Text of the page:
The inquiry received around 10,600 submissions, the vast majority of which were facilitated by advocacy groups Avaaz and NewsStand through the use of online forms. It is worth noting, though, that 762 of these submissions expressed dissatisfaction with the performance of the news media and only four expressed satisfaction. In addition, while the terms of reference did not specifically ask the inquiry to consider the issue of concentration of media ownership, 444 submissions expressed concern about its effect and 115 submissions called for a fit and proper person test to be part of media ownership arrangements (Report, p 349-51).
Alongside these the inquiry received a further 132 written submissions. It also heard from 41 people and organisations over eight days of public hearings in three cities.
Here are three things that were either under-reported during the inquiry or not reported at all.
On the very first day of public hearings, in Melbourne on 8 November, Mr Finkelstein categorically ruled out any return to a licensing regime for the print media when the idea was floated by Stephen Mayne, the journalist and shareholder activist. He said that licensing meant the government decreeing who is able to publish news, which, he said, “is as close as going back to the Dark Ages as you could find” as it represents “probably as extreme an encroachment on news dissemination as you could get” (Transcript, 8 November, p 99-100). This is relevant in the light of the dire extrapolations made about the inquiry report’s recommendations.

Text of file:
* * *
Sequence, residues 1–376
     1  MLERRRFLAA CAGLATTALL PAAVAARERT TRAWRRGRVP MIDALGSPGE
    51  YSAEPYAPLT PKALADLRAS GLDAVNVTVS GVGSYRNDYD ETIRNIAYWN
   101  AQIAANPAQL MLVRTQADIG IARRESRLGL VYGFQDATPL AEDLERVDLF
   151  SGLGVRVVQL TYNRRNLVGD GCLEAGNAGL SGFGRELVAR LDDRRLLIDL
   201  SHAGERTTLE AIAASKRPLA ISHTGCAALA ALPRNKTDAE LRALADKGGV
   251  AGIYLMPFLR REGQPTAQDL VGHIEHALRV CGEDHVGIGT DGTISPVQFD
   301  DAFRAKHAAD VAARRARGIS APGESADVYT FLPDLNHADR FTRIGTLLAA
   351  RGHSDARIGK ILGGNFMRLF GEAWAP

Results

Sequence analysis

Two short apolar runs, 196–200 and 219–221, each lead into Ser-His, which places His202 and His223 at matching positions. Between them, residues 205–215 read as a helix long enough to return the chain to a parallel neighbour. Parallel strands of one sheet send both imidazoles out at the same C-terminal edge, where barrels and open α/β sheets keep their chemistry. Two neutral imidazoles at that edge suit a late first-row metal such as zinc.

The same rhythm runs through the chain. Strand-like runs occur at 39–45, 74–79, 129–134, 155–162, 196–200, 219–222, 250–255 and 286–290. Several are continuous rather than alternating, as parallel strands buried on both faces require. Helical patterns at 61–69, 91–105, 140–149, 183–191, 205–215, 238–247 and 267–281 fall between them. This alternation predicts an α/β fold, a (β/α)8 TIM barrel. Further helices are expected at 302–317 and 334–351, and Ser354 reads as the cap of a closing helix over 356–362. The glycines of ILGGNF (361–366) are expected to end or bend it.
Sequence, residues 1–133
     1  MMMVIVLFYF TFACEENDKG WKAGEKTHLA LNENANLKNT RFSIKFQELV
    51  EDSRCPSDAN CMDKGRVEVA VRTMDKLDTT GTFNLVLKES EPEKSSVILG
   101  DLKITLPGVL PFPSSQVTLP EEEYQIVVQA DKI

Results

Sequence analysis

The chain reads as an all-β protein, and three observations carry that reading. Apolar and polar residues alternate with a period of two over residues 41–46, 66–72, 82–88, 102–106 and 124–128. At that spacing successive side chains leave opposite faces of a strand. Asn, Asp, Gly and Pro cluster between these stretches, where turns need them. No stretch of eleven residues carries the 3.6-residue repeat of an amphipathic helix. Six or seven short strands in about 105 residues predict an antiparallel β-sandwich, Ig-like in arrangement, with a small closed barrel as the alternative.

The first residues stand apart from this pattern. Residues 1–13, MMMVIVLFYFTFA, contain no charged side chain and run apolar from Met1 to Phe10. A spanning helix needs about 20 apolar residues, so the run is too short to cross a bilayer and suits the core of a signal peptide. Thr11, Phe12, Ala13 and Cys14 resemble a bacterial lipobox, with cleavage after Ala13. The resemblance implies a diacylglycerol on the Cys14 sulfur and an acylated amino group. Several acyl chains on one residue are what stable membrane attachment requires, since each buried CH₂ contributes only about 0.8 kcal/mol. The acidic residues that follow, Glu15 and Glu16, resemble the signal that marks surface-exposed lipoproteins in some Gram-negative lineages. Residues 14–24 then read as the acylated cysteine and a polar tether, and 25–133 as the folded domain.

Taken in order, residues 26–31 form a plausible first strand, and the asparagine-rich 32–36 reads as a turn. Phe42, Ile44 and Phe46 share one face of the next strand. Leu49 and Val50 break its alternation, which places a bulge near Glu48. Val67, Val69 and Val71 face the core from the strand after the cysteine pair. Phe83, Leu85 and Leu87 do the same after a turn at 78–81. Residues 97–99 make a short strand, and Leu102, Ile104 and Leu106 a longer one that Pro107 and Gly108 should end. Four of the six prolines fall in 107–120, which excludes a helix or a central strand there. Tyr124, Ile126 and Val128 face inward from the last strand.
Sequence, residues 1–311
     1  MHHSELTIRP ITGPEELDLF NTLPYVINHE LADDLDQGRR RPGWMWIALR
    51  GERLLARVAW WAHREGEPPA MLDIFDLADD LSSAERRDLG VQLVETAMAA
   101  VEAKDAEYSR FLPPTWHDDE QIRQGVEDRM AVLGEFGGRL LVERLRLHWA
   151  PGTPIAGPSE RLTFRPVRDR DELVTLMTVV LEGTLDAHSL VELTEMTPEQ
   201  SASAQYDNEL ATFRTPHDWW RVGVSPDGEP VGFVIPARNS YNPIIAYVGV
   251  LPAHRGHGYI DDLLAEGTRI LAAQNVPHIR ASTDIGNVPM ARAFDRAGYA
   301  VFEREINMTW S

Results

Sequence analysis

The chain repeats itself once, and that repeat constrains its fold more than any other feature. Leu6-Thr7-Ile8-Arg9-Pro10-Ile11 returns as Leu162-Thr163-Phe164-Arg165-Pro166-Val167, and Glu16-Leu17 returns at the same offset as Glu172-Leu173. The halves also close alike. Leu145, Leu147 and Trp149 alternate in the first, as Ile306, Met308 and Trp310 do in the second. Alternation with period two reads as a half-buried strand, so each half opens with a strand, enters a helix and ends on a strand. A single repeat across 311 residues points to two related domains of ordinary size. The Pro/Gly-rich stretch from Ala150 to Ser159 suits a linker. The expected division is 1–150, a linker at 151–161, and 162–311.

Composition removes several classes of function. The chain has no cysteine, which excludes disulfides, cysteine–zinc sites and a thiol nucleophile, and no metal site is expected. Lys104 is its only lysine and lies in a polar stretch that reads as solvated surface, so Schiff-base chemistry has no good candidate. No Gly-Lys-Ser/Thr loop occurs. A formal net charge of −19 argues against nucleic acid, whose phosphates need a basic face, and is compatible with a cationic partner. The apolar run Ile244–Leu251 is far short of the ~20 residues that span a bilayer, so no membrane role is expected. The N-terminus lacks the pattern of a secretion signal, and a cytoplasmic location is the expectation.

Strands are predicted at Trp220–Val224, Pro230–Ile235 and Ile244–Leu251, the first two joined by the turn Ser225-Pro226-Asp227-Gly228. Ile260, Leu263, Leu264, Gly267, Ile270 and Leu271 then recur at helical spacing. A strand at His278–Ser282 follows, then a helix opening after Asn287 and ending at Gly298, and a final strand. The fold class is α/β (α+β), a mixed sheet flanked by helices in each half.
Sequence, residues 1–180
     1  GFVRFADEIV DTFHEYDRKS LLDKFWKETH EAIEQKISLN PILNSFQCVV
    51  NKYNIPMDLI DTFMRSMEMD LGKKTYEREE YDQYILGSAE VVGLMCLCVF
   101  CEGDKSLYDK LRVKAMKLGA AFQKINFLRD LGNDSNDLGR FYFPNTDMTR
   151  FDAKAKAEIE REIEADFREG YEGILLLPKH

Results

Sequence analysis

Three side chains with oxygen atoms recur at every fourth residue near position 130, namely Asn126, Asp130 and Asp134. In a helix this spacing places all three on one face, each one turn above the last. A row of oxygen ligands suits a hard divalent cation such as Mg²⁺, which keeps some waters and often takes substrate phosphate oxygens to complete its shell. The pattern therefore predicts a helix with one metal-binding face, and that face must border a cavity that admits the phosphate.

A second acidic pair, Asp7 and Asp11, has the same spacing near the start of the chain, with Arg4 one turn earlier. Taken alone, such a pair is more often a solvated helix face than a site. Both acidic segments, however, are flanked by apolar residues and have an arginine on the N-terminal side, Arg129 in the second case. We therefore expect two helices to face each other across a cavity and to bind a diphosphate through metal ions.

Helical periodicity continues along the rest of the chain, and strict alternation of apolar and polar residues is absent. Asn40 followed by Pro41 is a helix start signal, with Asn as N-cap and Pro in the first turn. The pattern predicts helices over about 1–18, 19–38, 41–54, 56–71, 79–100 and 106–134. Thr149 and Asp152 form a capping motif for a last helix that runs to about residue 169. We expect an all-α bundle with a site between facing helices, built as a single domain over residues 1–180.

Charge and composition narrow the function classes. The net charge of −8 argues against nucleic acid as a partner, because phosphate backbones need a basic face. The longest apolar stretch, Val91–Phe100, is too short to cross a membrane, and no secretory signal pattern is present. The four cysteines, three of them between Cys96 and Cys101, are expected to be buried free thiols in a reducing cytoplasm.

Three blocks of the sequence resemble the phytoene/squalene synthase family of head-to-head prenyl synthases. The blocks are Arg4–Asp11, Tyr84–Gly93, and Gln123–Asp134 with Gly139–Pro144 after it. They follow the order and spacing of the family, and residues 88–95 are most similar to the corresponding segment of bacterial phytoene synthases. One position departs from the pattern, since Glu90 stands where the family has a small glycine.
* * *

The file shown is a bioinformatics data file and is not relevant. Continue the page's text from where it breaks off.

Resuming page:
Dennis Pearce was chair of the Press Council between 1998 and 2000 and apart from being an emeritus professor of law at ANU he has also been Commonwealth ombudsman. In his presentation he described as “disgraceful” a decision by The Australian to refuse to publish an adjudication by the council about a complaint and in fact to withdraw from the council for several months (Transcript, 9 November, p 191).
Mr Greg Hywood, the chief executive of Fairfax Media, was unable to explain why news media companies could satisfactorily put in place Chinese walls between their editorial and their advertising departments to ensure that governments, which are major advertisers with newspapers, could not influence editorial policy, but that a regulatory body with even partial government funding would be inevitably and irretrievably compromised.
On the first arrangement he said, “Yes, certainly the government is a major client of Fairfax…..So it is absolutely core to our business model that we separate editorial from commercial. We have done that and we will continue to do that”.